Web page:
4. ahahahahhaha – you can find the studies pretty extensively online – it is a report out on the ACT scores basically, to assess college readiness.

    Cal – why didn’t you report the scores of all the other area graduates who went to 4 year colleges? it is in the Report too, and you can see how how some of our districts score, and how they compare to all of Northern Illinois.

    Also Cal….it is easy to find articles about the STATEWIDE issue with Junior College kids not being ready, and the link to No Child Left Behind.

    But don’t worry, I know you have a specific agenda to put forth, so extracting 1-2 pages out of a 24 page powerpoint presentation is more your style

    I see that Aileen Seedorf posted comments on the other story related to this. How sad sad sad that a D158 School Board member wouldn’t take time to know the entire study, which was published during her tenure on the school board.

  5. I can’t find course content either. Who is required to take the classes is determined by performance on an assessment test. I couldn’t find an explanation of the expections to perform well on the test either. Though I did find that one’s ACT scores may warrant waiver of one or more of the exams.

    Another contributing cause might be that four years of english, but only three years of math are required to graduate. I am curious to know how the assessment tests and remedial course content line up with the basic requirements.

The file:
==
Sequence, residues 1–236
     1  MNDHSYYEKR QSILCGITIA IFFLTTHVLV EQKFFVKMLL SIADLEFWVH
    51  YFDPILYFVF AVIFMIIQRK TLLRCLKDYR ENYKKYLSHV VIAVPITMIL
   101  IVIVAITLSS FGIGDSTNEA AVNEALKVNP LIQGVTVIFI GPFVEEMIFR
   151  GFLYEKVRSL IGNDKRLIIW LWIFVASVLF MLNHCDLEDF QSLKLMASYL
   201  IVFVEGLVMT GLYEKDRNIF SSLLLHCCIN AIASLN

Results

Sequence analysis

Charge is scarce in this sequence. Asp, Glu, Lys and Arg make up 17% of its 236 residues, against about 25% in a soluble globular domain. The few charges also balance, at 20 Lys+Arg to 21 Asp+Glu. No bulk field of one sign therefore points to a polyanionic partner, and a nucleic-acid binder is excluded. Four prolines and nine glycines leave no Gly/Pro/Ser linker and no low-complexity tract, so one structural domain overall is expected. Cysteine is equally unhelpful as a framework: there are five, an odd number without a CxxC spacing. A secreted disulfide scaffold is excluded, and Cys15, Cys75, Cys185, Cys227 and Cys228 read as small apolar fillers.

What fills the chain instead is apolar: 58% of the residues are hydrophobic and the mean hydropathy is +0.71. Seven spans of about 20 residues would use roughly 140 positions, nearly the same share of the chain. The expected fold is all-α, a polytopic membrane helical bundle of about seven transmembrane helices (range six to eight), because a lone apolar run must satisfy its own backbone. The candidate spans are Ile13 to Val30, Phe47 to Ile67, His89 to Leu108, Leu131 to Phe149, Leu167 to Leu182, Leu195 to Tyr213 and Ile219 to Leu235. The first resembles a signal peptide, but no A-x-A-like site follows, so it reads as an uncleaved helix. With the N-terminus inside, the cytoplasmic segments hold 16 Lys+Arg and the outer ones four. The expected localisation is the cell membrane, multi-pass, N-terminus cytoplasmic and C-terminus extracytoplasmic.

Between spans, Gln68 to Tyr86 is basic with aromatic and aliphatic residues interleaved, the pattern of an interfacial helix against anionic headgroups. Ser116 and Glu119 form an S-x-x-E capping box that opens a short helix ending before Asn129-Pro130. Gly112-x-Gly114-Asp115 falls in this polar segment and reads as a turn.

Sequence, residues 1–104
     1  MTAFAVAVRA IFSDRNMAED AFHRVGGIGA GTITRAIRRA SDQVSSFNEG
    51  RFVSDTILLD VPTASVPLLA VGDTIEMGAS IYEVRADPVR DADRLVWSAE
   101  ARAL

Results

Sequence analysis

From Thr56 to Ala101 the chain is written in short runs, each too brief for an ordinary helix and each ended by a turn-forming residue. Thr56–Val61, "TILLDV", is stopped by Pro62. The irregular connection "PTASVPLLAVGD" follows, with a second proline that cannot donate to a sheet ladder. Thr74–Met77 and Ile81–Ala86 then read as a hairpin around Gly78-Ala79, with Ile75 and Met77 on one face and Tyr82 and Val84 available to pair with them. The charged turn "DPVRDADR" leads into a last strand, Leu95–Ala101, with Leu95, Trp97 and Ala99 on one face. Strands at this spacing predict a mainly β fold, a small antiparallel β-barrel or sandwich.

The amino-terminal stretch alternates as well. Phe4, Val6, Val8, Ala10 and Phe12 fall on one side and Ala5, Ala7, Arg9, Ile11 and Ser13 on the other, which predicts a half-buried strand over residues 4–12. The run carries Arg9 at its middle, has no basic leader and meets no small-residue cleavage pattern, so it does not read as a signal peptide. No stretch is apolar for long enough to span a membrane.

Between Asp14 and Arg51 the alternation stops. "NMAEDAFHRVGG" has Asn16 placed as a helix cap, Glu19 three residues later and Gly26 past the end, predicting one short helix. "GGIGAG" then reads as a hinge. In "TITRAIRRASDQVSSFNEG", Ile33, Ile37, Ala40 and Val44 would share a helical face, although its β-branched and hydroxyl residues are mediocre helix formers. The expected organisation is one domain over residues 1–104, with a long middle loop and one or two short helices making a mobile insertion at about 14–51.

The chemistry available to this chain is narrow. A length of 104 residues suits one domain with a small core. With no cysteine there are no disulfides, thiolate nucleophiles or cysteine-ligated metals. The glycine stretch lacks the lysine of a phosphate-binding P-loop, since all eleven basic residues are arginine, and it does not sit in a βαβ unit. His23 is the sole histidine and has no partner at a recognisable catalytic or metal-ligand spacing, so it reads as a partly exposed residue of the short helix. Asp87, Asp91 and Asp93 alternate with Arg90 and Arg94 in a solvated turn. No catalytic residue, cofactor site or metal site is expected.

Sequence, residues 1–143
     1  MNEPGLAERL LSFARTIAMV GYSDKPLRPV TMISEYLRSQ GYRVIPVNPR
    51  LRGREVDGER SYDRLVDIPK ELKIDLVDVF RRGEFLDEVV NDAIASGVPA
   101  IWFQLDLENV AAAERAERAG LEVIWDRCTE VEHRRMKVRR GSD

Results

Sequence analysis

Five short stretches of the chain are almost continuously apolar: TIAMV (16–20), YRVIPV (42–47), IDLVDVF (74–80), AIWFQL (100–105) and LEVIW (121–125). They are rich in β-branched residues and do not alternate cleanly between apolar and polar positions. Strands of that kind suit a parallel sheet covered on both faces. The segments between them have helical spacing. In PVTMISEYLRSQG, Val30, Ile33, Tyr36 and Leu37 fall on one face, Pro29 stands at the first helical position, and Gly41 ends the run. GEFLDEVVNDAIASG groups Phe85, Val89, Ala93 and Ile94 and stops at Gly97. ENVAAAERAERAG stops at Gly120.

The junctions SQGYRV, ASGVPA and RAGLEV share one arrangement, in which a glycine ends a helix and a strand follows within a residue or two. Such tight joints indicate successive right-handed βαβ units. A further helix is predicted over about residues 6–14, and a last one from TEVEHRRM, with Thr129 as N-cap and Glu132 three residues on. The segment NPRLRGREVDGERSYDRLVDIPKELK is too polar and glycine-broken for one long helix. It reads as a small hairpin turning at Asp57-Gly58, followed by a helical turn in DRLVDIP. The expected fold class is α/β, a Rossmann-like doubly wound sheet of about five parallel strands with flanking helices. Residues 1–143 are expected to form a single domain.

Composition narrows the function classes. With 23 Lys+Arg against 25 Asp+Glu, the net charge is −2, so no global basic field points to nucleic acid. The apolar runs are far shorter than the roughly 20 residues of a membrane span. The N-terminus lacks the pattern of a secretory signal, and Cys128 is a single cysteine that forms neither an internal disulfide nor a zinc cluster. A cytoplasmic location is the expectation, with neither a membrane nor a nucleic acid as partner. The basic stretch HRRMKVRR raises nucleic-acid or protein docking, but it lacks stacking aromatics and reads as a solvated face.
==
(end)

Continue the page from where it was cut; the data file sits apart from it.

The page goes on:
6. Placement exams. If new students don’t meet the minimum; you must take the remedial classes.

    I agree with Mark that teachers should be paid on performance and not years of tenure. Some teachers have 20 years tenure but it was one year experience 20 times. No better than a rookie teacher but receive top dollar

  7. The way K-12 teachers and principals are evaluated in IL is changing as a result of a new law in 2010 and another in 2011.

    On January 15, 2010, the “Performance Evaluation Reform Act” (PERA) was signed by Quinn. It’s Senate Bill 315 (SB 315), Public Act 96-0861 (PA 96-0861).

    That bill specifically states, according to the Illinois Association of School Boards (IASB), “effective teachers and school leaders are a critical factor contributing to student achievement” and that “many existing district performance evaluation systems fail to adequately distinguish between effective and ineffective teachers and principals.”

    PERA was largely reactionary to improve Illinois’ application to the US Department of Education in an attempt to win federal stimulus funds in the form of an American Reinvestment & Recovery Act (ARRA) initiative called “Race to the Top” (RTTP).

    States desiring to receive RTTP funding applied to the US Department of Education. Forty-one states applied in Round 1, and Thirty-six states applied in Round 2. Cumulatively, including Rounds 1 & 2, twelve states each received $75 Million – $700 Million, for a total of $3.925 Billion.

    Round One winners were announced March 29, 2010. Round Two winners were announced August 24, 2010. Although a finalist in both rounds, the Illinois State Board of Education (ISBE) was not one of the twelve state boards of education which received funding.

    Next up was the Education Reform bill which Quinn signed June 13, 2011. This is Senate Bill 7 (SB7), Public Act 97-0008 (PA 97-008). SB7 builds on PERA and addresses tenure, Reduction In Force (RIF), teacher ratings, and other items.